That’s because I’m going to the Sunlight Foundation’s Transparency Camp in Washington, D.C. Tcamp, as many call it (you can follow it on Twitter via the hashtag, #tcamp13 and its handle, @tcampDC). And while the goal of shining light where it’s darkest or most obscured is a main function of the foundation, the last thing campers want is for people – and government – to start slathering on the block.
A couple of summers ago, Sunlight helped bring the Transparency Action Plan Summit to Cleveland and many of the folks involved in that effort continue to be good government stewards. They got a special shout-out at the 2012 TCamp.
This year, I’ve been asked to participate in a variety of ways (okay, okay, they’ve been trying to get me there for a few years now in part because there simply aren’t that many elected officials whose day jobs are also in the world of civic engagement, good government and transparency – but we’re trying to change that!). In particular, Sunlight has doubled-down on looking into what’s happening on the local government scene – what’s being done, what’s not being done, what’s needed and how does it happen or get made to happen. I’m just a wee bit excited.
So what am I packing? Well, for sure I’ll be packing links that highlight how the Civic Commons has become a tool through which citizens as well as government entities can dialogue and deliberate on tough subjects and can not only increase awareness about those subjects, but also can out the variety of views people hold. For example, in today’s Plain Dealer, the very front page, very top of the fold article’s headline has the word, “transparency” in it. But beyond that? The article is in regard to proposals by County Prosecutor Tim McGinty who participated vigorously in the Commons’ three-day online debate with the other four primary candidates for that office last year – an online discourse that was used to help the Citizens League of Greater Cleveland make an endorsement in that race.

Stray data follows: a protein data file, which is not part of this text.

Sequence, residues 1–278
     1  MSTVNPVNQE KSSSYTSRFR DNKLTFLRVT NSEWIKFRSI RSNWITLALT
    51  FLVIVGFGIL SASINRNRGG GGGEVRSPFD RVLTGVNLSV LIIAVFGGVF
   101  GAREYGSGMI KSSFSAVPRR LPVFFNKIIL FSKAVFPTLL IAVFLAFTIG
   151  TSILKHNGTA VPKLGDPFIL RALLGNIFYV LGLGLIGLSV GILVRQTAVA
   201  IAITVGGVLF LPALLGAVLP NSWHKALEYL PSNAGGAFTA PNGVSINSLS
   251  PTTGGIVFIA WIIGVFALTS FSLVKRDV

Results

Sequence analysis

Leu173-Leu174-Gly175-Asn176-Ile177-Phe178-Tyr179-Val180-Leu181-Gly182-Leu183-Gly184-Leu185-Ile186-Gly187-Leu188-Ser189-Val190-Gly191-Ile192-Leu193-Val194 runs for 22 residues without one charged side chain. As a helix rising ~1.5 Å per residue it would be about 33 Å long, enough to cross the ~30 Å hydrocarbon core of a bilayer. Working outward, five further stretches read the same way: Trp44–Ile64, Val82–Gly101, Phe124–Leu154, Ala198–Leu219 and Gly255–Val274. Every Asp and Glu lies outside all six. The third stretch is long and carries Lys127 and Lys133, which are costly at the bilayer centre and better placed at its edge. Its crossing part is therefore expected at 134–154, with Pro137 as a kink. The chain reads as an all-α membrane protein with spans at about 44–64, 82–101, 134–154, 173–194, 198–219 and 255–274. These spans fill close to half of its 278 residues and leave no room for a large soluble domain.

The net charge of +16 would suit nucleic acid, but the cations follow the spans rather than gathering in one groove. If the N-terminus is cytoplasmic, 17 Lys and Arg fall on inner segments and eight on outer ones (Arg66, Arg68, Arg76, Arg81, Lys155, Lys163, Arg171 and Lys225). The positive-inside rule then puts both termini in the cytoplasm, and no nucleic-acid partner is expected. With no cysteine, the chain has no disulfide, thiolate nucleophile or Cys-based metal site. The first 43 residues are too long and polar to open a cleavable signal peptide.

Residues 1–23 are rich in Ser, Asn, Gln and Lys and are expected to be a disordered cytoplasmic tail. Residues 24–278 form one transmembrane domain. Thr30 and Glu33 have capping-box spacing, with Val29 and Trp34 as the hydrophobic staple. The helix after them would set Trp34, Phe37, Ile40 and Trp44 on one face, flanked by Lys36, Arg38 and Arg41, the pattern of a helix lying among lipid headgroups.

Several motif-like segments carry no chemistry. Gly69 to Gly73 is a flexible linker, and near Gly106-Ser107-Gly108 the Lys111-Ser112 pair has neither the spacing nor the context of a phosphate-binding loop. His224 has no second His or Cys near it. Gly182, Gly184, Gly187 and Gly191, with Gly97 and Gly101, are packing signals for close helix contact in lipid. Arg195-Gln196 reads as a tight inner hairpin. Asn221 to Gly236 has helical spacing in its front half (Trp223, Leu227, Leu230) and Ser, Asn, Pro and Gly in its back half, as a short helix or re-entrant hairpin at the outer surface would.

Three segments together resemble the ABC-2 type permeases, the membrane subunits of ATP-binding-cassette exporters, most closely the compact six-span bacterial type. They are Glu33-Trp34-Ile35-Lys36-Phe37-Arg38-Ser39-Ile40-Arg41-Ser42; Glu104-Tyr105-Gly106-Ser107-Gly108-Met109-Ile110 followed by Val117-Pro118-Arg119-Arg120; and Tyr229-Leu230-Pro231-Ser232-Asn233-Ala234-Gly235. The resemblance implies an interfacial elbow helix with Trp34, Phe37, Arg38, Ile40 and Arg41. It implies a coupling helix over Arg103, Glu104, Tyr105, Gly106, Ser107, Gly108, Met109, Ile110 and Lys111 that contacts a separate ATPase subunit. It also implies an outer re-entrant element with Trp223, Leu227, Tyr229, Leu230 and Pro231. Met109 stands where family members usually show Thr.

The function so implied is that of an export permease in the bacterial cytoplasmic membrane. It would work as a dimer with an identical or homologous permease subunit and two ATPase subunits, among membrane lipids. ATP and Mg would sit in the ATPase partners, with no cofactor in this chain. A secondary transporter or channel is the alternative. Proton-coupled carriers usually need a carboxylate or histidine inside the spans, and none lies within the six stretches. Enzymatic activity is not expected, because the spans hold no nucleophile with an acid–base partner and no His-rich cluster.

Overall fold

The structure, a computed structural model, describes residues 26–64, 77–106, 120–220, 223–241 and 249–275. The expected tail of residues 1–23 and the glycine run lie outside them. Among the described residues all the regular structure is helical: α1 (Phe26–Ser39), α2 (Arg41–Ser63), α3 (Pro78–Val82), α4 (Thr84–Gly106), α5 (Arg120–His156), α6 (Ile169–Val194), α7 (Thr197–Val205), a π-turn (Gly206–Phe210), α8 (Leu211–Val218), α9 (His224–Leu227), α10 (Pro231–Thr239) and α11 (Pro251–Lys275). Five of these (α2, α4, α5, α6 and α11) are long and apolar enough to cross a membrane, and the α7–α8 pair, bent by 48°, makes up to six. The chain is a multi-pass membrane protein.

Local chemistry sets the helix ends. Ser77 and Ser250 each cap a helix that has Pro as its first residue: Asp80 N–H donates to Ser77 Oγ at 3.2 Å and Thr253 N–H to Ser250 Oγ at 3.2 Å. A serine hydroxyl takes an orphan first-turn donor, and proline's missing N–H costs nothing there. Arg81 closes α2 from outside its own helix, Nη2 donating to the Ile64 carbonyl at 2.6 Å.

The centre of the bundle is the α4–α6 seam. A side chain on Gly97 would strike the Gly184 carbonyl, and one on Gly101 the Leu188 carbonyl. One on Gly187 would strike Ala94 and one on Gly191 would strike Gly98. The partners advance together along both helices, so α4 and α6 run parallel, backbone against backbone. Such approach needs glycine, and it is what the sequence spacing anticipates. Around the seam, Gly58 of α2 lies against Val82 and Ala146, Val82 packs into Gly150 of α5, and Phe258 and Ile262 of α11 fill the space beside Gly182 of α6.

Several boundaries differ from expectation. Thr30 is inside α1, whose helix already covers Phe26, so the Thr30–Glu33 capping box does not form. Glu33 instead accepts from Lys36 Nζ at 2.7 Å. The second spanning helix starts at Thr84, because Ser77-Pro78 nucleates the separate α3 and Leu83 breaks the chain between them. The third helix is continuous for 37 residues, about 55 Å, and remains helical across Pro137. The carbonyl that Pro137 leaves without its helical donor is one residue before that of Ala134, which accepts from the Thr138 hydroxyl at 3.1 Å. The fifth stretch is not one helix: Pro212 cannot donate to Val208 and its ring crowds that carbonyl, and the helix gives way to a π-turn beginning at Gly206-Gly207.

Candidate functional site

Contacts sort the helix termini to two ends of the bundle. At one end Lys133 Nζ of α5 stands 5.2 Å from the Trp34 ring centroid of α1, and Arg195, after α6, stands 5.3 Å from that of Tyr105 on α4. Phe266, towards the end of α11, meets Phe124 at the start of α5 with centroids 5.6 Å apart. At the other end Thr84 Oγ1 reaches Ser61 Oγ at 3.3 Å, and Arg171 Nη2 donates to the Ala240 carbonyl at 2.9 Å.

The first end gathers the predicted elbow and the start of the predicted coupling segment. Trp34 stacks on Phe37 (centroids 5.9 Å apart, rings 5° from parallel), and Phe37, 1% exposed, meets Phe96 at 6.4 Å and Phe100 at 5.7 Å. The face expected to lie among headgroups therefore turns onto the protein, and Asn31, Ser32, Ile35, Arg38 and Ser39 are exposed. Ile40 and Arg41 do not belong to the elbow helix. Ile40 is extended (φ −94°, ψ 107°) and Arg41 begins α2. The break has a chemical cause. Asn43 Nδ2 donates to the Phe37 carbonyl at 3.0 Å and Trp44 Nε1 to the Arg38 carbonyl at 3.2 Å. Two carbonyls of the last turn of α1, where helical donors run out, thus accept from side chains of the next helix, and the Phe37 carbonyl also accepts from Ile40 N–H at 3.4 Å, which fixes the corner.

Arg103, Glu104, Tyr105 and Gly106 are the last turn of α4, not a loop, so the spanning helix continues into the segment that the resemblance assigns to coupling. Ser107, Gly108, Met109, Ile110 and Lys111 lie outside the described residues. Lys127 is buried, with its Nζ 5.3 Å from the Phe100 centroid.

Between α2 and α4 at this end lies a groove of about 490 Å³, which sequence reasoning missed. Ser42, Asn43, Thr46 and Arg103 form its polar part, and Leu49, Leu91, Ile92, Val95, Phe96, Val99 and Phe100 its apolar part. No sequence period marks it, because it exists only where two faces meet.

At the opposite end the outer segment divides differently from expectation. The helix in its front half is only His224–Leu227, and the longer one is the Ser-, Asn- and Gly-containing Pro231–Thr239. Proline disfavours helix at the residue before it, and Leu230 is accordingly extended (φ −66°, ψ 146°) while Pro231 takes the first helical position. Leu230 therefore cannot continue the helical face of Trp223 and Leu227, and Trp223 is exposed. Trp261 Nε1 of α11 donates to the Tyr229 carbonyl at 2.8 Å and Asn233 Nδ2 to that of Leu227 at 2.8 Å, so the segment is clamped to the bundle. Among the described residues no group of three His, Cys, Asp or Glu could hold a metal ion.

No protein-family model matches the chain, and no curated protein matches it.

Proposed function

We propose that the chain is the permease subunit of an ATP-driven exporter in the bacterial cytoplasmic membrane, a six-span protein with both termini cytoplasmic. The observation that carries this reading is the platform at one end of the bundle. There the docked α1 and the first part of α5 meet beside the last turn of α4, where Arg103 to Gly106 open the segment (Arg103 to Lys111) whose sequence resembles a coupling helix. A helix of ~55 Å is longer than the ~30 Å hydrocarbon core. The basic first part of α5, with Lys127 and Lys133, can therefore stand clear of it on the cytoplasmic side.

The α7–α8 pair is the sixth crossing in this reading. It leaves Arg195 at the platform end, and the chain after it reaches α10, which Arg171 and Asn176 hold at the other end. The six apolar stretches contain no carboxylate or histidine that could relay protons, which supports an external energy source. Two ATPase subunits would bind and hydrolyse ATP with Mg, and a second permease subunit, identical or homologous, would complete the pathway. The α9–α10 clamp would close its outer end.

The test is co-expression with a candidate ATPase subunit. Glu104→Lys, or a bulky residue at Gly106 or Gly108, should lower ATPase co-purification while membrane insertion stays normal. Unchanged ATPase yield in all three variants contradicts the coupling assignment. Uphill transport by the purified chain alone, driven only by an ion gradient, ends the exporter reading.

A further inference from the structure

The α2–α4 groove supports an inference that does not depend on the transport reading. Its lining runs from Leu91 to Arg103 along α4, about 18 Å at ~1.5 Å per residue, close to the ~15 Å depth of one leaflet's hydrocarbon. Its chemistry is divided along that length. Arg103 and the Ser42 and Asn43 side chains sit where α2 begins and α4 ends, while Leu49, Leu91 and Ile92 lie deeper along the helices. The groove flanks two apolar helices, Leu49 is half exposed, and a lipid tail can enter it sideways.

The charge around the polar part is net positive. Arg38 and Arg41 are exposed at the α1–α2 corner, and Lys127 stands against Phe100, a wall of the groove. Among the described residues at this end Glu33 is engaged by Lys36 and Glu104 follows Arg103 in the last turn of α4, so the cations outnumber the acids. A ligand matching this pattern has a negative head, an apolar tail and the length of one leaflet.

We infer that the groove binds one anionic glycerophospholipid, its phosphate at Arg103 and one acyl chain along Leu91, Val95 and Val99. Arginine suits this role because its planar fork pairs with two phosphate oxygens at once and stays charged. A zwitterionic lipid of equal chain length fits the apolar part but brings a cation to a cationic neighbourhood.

And then there’s the example of the skywalk – a topic that’s gained big attention at the Commons and is also featured today in the PD as we learn that Dan Gilbert is willing to pay nearly $80 million dollars to buy a building so he can put a skywalk in it. I’m assuming he knows he can’t count on Joe Baur and company to cheer him on. But the question isn’t only what will they do next to make their feelings known – what can they do next if they want to stop the skywalk? What would you do? My mind goes to the ill-will this is creating in the community. What price will Gilbert pay because of that – what price will we all pay because of that?
With social media being what it is, you can follow me and the other campers (check out the attendee list here) on Twitter and Facebook, but also look for my What I Did Last Summer post next week when I report back on smores and more.
Cross-posted from the Civic Commons.
From the Civic Commons blog: